This week Expedition 36 Flight Engineers Fyodor Yurchikhin and Alexander Misurkin performed a 6h 34m spacewalk to prepare the station for a new Russian science module due to be delivered later this year.  During the walk they replaced a fluid flow control panel on the Zarya module, installed clamps to route power cables from the US segment and retrieved several experiment from the outside of the station.  This was the third spacewalk this year at the station and the 169th overall, the next planned spacewalk from the station will be conducted in July by Chris Cassidy of NASA and Luca Parmitano of the European Space Agency.

IRIS Mission Launch
Following a one day delay due to a power outage at Vanderburg the IRIS mission was successfully launched on Thursday this week.  The spacecraft will now undergo a period of tedting before the science operations begin.  For more information on the IRIS mission check out it’s mission page here.

NASA Thruster Achieves World Record
This week NASA announced that their Advanced Ion Propulsion engine had successfully operated for more than 48,000 hours.  During the testing the engine consumed 1,918 pounds of Xenon propellant and provided an amount of total impulse that would require more than 22,000 pounds of conventional propellant.  With today’s estimated launch costs this alone offers a saving in excess of $10m USD for future missions.
You can view the NEXT ion engine in operation here.

Chinese Astronaut News
This week the three person crew completed a manual undocking and docking of there spacecraft before heading back to earth for a successful landing on Tuesday in Inner Mongolia to complete a 15 day mission in space.  At the moment the Chinese and Russian’s are the only nations with the capability to launch crews into orbit, this mission further demonstrates that the Chinese are progressing with there research as they plan a large presence in space in the future.  During the mission there were a total of nine people in orbit of the earth.  For further information check out these stories of the Undocking and Landing.

Gliese 667 planets
This week astronomers announced that after further analysis they believe there could be as many as three habitat planets in the Gliese 667 system.  They have found at least 6 planets within the system and the three that fall in the habitat zone of the star are all super-earths.  The image below shows the potential Sunset from each of the planets compared with our own sunset.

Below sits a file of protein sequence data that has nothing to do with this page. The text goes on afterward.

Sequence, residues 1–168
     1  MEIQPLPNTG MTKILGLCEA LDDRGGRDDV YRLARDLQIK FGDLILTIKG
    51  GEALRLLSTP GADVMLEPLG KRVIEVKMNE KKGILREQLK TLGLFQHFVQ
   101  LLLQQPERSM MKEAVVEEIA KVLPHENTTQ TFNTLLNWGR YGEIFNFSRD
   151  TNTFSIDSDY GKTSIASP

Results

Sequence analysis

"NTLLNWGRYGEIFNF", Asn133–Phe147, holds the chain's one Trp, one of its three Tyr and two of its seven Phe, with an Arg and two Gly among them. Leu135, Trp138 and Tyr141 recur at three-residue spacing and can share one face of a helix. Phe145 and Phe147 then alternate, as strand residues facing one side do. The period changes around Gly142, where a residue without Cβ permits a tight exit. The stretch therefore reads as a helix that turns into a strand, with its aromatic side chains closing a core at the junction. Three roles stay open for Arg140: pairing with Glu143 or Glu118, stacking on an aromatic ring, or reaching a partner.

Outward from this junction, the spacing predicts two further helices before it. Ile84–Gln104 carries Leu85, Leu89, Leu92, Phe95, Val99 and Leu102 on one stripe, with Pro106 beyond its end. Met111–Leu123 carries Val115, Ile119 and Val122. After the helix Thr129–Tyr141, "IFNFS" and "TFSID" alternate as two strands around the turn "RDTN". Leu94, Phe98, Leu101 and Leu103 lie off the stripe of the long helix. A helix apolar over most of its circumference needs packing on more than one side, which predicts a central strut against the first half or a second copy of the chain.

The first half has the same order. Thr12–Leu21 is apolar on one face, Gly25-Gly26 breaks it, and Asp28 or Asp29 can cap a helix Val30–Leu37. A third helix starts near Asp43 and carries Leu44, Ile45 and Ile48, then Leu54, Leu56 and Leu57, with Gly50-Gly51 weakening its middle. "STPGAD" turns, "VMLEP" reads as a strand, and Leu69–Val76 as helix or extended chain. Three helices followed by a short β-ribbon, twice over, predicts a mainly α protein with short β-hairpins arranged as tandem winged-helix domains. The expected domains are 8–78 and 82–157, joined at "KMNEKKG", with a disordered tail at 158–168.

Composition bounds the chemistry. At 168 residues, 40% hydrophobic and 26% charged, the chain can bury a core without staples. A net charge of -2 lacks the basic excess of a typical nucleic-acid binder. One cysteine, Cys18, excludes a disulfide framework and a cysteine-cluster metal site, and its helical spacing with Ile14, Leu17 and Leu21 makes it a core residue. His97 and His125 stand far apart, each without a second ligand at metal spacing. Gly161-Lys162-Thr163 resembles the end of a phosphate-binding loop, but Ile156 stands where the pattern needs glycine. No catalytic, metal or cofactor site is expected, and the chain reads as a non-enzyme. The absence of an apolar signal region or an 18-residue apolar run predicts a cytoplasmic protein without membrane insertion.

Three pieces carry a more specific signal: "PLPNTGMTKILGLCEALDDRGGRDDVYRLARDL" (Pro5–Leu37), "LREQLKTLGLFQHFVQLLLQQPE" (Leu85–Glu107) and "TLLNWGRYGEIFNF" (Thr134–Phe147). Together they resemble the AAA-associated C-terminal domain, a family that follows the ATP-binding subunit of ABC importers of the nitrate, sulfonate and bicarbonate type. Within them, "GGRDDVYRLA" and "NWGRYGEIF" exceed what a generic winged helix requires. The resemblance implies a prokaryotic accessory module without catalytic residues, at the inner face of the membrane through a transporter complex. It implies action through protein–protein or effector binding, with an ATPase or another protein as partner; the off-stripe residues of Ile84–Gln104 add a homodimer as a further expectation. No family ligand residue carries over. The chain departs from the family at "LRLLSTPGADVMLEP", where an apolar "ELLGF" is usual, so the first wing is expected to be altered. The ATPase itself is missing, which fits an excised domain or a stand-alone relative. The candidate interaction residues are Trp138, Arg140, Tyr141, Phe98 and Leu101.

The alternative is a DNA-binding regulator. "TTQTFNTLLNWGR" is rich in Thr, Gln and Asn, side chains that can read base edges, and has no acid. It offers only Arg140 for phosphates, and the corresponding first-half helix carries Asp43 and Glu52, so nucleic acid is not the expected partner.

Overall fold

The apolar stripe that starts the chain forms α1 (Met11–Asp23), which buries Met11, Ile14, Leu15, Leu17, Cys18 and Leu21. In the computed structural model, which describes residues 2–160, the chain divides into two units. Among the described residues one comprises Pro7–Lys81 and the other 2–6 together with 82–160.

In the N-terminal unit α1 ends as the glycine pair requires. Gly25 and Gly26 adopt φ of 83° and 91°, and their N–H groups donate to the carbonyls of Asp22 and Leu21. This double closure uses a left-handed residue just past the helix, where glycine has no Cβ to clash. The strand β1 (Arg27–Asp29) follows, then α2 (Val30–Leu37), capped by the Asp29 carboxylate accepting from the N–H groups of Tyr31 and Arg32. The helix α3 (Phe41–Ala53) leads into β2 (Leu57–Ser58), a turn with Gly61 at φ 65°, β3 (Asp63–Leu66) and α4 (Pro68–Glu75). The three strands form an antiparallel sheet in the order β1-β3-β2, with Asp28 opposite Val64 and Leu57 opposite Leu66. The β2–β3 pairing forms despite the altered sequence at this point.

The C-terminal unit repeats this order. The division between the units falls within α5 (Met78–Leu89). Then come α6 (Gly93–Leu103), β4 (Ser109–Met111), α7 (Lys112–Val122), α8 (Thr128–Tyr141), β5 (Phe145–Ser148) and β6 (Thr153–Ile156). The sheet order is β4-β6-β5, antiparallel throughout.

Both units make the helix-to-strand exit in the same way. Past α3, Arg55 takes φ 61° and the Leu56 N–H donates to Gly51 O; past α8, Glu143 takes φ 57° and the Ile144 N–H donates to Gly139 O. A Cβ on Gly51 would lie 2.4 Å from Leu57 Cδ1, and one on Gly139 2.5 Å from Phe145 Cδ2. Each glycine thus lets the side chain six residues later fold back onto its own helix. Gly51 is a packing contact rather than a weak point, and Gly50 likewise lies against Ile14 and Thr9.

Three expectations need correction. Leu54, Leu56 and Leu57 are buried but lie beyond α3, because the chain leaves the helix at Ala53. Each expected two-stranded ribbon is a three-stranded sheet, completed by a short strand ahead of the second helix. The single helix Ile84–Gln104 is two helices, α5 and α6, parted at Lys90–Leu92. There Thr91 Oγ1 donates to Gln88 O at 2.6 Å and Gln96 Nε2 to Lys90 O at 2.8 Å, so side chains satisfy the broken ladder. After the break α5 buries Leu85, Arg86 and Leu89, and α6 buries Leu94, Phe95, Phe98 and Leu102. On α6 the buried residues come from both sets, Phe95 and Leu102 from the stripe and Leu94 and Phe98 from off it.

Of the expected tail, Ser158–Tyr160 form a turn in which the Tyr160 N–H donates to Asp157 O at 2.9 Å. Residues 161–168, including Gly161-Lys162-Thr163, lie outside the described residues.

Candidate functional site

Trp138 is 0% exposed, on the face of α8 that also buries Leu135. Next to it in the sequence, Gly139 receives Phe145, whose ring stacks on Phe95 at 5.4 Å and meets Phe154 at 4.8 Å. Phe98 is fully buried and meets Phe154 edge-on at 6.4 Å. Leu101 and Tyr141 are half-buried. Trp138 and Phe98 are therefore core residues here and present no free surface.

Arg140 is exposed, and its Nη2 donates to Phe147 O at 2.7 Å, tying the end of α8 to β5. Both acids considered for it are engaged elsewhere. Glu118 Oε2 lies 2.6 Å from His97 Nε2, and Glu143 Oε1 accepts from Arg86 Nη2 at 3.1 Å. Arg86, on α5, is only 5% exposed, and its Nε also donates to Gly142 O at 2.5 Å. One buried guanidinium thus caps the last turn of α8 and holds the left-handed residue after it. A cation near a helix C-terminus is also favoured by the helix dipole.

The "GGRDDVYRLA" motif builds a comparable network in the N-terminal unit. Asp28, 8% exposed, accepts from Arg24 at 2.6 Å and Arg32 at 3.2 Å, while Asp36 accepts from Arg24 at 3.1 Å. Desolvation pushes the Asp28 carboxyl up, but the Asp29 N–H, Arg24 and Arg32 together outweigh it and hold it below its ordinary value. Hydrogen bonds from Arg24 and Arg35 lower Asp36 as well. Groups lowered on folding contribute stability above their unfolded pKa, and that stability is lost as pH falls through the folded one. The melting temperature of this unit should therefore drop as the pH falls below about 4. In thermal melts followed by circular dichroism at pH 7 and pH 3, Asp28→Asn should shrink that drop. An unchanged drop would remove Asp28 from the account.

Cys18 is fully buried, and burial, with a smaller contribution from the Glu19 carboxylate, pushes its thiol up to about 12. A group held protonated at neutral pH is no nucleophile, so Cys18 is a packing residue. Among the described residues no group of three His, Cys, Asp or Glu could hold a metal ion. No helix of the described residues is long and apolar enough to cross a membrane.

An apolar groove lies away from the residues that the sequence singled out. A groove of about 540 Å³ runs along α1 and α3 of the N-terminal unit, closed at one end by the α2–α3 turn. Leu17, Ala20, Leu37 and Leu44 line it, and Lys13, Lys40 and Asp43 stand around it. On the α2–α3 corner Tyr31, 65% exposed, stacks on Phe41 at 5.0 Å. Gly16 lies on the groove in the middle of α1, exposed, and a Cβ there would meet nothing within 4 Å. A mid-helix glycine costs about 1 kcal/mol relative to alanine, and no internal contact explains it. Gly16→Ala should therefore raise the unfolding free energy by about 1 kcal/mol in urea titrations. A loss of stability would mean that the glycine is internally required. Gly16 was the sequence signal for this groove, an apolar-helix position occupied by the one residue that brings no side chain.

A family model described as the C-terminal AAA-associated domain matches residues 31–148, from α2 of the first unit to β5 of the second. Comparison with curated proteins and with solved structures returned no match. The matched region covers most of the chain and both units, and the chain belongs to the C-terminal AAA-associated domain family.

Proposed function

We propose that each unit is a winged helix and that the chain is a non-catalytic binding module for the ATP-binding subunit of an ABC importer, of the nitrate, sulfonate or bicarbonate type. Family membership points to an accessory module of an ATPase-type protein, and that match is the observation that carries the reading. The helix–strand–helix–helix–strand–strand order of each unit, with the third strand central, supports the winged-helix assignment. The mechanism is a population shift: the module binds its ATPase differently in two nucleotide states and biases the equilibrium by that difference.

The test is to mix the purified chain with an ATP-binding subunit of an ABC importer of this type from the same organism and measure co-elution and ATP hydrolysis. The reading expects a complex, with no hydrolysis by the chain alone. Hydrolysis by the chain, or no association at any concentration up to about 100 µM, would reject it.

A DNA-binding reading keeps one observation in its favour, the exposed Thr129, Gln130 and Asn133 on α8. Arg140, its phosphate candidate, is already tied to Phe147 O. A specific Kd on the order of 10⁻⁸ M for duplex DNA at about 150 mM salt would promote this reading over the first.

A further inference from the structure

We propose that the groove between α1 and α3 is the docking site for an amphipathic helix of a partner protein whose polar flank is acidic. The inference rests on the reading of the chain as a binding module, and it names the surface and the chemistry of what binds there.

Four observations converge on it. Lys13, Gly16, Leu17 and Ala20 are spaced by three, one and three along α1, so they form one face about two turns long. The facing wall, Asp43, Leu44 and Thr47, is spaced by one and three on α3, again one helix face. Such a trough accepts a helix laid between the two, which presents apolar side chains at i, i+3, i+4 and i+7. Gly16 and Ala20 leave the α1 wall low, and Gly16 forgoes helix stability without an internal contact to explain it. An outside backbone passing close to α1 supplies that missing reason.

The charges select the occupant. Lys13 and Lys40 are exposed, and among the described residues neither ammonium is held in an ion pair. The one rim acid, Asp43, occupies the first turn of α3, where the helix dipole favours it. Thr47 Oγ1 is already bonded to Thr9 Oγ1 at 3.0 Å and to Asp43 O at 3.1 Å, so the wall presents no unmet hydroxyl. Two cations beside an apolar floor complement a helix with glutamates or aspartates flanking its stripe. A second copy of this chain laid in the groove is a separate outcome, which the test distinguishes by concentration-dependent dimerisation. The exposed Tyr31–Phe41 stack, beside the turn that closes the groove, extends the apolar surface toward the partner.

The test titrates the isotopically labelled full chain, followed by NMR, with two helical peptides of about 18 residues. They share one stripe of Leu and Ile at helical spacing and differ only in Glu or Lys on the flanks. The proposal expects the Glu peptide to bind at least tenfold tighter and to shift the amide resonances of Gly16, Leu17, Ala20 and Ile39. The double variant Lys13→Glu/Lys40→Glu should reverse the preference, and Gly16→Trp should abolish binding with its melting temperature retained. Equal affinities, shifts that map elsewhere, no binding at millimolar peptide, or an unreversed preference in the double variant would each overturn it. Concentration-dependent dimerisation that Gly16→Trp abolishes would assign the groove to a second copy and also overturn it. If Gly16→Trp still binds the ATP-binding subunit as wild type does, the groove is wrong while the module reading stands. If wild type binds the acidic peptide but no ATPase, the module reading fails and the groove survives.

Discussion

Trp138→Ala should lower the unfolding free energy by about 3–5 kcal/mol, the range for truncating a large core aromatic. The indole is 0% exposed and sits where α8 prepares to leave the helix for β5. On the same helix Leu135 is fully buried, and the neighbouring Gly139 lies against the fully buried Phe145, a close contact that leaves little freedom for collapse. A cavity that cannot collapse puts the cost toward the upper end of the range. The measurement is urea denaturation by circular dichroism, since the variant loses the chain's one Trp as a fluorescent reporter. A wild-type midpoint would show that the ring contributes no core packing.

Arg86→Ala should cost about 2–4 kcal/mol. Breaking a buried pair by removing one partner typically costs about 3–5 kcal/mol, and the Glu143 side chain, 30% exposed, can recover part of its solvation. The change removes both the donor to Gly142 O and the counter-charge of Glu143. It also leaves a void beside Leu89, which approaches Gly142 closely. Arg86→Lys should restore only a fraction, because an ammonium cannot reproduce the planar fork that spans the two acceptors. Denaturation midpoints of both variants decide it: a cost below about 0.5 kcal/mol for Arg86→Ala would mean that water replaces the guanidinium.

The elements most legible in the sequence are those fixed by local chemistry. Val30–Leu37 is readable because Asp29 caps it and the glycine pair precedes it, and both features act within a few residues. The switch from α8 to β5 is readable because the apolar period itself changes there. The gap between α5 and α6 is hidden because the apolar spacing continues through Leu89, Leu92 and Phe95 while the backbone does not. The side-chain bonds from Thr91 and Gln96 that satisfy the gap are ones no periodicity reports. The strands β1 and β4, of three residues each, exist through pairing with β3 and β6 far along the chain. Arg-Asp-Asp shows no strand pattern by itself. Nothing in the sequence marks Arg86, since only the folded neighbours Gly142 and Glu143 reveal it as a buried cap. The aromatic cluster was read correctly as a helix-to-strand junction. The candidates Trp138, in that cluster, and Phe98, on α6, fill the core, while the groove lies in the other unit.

sunset_gliese667c
For further information check out the teams paper here.

Ten thousandth NEO found
This week the ten thousandth Near Earth Object was announced, asteroid 2013 MZ5 was first detected by the Pan-STARRS-1 telescope on June 18.  NASA’s Lindley Johnson, program executive for NASA’s Near-Earth Object Observations Program at NASA Headquarters, said that finding the 10,000 object was a significant milestone, however there are at least 10 times as many objects out there still to be discovered.  For more information on the Pan-STARRS-1 telescope check out it’s page here, and for more information on the NEO programs at NASA here.

Two Soyuz Launches
This week there were two separate Soyuz launches one from Baikonur Cosmodrome and the other from Kourou Spaceport in French Guiana.  Both launches successfully placed there payloads into orbit and increased the number of satellites by five.  The first launch from Baikonur carried the Resurs-P Earth imaging satellite, the second from Kourou carried four 03b satellites, further information on both launches can be found here.

Next JAXA HTV
The next Japan Aerospace Exploration Agency (JAXA) H-II Transfer Vehicle (HTV) “Kounotori” could pave the way to manned flights by JAXA, each flight gives the agency additional information about the dynamics of spaceflight, with the last one and this vehicle being fitted with an observation system called “i-Ball” to record its re-entry.  The data provided by the i-Ball system will help engineers better understand the dynamics of re-entry and help design future spacecraft to survive the re-entry process.  Further details can be found here.

New Type of Matter Found
A recent publication in the journal Nature Physics announced a new type of matter found only in Neutron star’s.  Called “Nuclear Pasta” because of how the nuclei of atom’s arrange themselves due to the density of the stars.  It is believed that these patterns are also responsible for limiting the rotation speed of the star’s, of the ones observed so far they haven’t found one that has a rotation period longer than 12 seconds.  Further information can be found here.

CoRoT satellite shutdown
Further bad news this week for planet hunters around the world, the french satellite CoRoT (Convection, Rotation and Planetary Transits) has been officially shutdown following a computer failure last November.  The mission lasted twice as long as originally planned and so far has found 32 confirmed planets and another 100 waiting to be confirmed.  The mission also allowed astronomers to study the stellar physics and the interior of stars.

More Surprises from Voyager One
Despite having been in space for 36 years and being 11.6 billion miles from Earth the Voyager One spacecraft is still sending back data and surprising us.  In papers published this week in the journal Science the Voyager One team provided more clarity on the region they have named the Magnetic Highway.  For more information check out the full article here.